MFAs Response to Proposed Regulation of OTC Derivatives, Central Counterparties and Trade Repositories11.11.10


MFAs Response to Proposed Regulation of OTC Derivatives, Central Counterparties and Trade Repositories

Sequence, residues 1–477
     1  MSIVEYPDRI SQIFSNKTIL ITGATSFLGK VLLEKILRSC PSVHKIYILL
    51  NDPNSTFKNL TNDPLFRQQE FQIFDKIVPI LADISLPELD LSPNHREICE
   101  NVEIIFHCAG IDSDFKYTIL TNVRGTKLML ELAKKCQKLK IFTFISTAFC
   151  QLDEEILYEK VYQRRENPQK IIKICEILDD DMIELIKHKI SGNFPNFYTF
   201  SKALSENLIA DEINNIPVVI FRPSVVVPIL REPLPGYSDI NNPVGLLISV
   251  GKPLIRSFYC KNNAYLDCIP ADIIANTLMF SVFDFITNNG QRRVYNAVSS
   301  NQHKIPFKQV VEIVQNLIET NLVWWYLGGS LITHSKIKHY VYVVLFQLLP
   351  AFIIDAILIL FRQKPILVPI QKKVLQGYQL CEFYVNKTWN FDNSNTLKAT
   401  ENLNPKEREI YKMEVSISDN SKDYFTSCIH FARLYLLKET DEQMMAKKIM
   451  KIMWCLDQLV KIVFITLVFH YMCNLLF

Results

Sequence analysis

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Topics: Proposed Regulation of OTC Derivatives European Union, central clearing, derivatives market, European Commission, Council on OTC Derivatives, Central Counterparties and Trade Repositories, Over-the-counter Derivative Market, OTC, Risk Management Activities, Market Particpants, Class of Derivatives, clearing, Manadatory Clearing Obligation, interest rate swaps, IRS, central counterparties, CCPs, European Securities and Markets Authority, ESMA, European Parliament, Council of Ministers, financial counterparty, Alternative Investment Fund, investment manager, Derivative Contracts, clearing obligation, operational risk, counterparty risk, transparency, competition, Top Down, Bottom Up, Determination Process, Trade Reporting Obligations, risk mitigation techniques, Segregated Exchange of Collateral, Proportionate Holding of Capital, capital requirements, Collateral Posting, Segregate and Exchange Margin, Hold Capital, initial margin, variation margin, Mark-to-Market Changes, Follow-on Effects, Market Exposure, Maximum Time Lag for Confirmation, systemic risk, third country CCPs, Non-European Countries, non-discriminatory access, Interoperability, Equivalency Test, Cross-Border Efficiency and Consistency, risk committees, Effective Supervision, Co-Operation Arrangement, Particpation Requirements, Admissable Clearing Members, Standard Capital Requirements, segregation, portability, Protection of Client Positions and Collateral, U.S. Treasury and U.S. Commodity Futures Trading Commission, U.S. House of Representatives Committee on Financial Services, U.K. House of Lords, European Policymakers, Insolvency Regimes, Unwinding Costs, Swiftly Collapse Offsetting Positions, Optimal Netting, Derivative Contract's Lifecycle, client collateral, Risk Profiles, Financial Strength, default, Trigger, Shortfall, Unmanageable Risk, capital formation, Investment Policy, Highly Liquid Collateral, Minimal Credit Risk, Highly Liquid Financial Instruments, market risk, credit risk, Highly Liquid, Denominated in G7 Currencies, Government Securities, default procedures, confidentiality, trade repositories, competent authorities, reasonable threshold, nexus, Coordination with Third-Country Regulators, Central Banks,